May 28, 2019
By Juan Camilo Suárez Colmenares
This past April, almost 100 midwives from Indigenous communities gathered in Peru for the First International Gathering of Indigenous Midwives of the Americas. The purpose was to promote cultural exchanges in traditional midwifery and knowledge of Indigenous midwives in Canada, Peru and Mexico.
This ground-breaking event was part of the Indigenous Maternal Health and Midwifery Program currently being funded by PWRDF. Its participants and implementing partners are CHIRAPAQ from Peru, Kinal Antzetik from Mexico and Ryerson University’s Aboriginal Initiatives from Canada. Midwives discussed the challenges of Indigenous midwifery and possible future actions so the practice can continue in the three countries. The event focused on pregnancy, childbirth, child delivery and the use of medicinal plants in this ancestral practice.
The event began with a traditional Indigenous ceremony offered by the Elders and Traditional Spiritual Keepers from regions of Peru, Canada and Mexico. They safeguarded the gathering grounded on Indigenous principles and values such as respect, love and participation in good mind and a clean heart.
Participants discussed health from an Indigenous perspective. “Health involves the relationship we maintain with the elements that surround us,“ said José Zàrate, PWRDF’s Canadian and Indigenous Communities Program Coordinator. “Water, earth, wind, fire, flora, fauna; its balance allows a healthy coexistence between men, women and the environment in which they live. Health includes three levels of oneself, and it is holistic: spiritual, emotional and physical. If we, as indigenous peoples neglect the elements and other living beings that surround us, health will dissipate, giving way to disease.”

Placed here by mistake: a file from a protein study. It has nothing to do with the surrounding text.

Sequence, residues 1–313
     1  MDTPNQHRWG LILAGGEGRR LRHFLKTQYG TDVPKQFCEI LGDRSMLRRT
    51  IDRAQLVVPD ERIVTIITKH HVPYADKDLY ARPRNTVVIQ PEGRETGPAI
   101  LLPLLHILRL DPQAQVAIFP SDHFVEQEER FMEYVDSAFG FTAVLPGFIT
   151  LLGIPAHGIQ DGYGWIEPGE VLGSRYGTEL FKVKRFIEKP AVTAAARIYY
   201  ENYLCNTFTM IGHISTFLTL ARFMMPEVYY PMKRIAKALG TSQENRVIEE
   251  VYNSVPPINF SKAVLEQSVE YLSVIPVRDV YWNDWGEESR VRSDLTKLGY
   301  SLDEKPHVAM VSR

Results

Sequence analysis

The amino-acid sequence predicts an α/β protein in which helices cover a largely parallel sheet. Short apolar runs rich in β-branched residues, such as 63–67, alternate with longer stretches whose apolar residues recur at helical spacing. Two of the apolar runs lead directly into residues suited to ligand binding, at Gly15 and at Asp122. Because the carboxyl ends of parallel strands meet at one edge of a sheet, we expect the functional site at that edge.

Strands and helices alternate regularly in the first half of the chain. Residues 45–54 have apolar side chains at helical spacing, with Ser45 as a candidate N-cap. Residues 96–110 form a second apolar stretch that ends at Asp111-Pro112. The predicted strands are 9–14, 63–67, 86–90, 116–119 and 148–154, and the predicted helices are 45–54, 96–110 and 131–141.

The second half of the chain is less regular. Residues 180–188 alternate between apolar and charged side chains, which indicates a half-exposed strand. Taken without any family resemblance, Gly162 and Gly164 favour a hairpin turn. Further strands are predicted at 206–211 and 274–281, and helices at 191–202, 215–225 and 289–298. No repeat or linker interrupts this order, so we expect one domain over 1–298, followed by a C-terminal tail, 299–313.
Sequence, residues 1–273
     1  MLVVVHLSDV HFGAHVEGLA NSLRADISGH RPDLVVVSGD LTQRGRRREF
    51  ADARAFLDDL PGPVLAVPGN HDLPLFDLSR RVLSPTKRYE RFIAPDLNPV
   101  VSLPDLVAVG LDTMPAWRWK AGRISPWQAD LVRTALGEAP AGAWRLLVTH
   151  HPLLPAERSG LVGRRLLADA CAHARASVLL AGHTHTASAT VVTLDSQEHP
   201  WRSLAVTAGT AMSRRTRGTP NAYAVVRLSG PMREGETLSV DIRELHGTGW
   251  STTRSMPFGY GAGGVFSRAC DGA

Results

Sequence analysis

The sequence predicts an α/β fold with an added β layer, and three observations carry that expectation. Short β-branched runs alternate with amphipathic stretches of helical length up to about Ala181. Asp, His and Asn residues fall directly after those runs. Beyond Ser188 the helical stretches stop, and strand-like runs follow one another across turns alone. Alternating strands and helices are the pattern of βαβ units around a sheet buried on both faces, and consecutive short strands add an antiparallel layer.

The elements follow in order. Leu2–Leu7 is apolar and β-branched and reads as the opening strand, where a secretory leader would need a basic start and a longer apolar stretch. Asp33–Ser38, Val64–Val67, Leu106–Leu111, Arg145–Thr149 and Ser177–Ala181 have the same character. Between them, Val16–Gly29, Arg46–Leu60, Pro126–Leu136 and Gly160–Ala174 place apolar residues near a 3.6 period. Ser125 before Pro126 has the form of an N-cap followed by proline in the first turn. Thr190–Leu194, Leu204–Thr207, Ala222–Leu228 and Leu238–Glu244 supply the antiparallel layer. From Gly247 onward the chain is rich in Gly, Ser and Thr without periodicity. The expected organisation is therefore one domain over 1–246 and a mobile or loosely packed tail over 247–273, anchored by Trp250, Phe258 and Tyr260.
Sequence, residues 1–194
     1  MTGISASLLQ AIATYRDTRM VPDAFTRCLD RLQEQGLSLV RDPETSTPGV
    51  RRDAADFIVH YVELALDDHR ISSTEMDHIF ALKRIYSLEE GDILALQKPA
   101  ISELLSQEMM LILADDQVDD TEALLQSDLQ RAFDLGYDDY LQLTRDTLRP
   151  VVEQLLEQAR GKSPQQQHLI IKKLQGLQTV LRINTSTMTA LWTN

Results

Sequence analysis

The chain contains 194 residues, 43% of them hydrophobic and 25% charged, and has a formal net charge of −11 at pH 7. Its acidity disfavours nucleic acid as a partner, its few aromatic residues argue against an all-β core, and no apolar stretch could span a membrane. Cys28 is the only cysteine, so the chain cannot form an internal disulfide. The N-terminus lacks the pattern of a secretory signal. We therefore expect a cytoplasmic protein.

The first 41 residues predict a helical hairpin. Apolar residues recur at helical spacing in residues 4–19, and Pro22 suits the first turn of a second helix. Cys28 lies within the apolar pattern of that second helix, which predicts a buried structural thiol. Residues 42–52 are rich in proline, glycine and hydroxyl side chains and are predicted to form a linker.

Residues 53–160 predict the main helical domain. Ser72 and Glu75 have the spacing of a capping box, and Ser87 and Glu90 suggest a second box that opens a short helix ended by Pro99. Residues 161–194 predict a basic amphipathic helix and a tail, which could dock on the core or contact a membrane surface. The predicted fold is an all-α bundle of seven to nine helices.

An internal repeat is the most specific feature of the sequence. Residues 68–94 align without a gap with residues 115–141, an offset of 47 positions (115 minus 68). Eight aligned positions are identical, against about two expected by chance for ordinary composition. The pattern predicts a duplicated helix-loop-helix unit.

Other important talking points were:
- The use of midwives and best practices found in Canada, Peru and Mexico.
- The importance of recognizing midwifery knowledge. Indigenous ancestral knowledge is being appropriated without acknowledging Indigenous communities as the architects of their own knowledge.
- Racism and discrimination in the education system, in the validation and recognition of traditional Indigenous midwife knowledge, and the access to the Western healthcare system, not only for pregnant women but also for mothers of pregnant women, caregivers and families.
- The criminalization of Indigenous midwifery and threats to eliminate this ancestral practice, risking the preservation and transmission of knowledge.
“I think that Indigenous people connecting across countries internationally, is actually critical to the learning and building of Indigenous midwifery,” said Cheryllee Bourgeois of Ryerson University’s Indigenous Maternal Health Midwifery Program. “Part of the reason is that there are pieces of knowledge that midwives hold that are so different or don’t exist up in Canada, so it is such a rich exchange in terms of ways to move forward, what to center, how people come together, and the relationship that people have with their communities in terms of the care that they are providing.”
For more than 20 years, PWRDF has worked alongside the Indigenous communities of Canada and has involved them as partners of their own development. Outside of Canada, the work with Indigenous communities has focused in promoting the Indigenous culture, notably through the Continental Network of Indigenous Women of the Americas.
With files from José Zarate, PWRDF Canadian and Indigenous Communities & Latin America-Caribbean Program Coordinator
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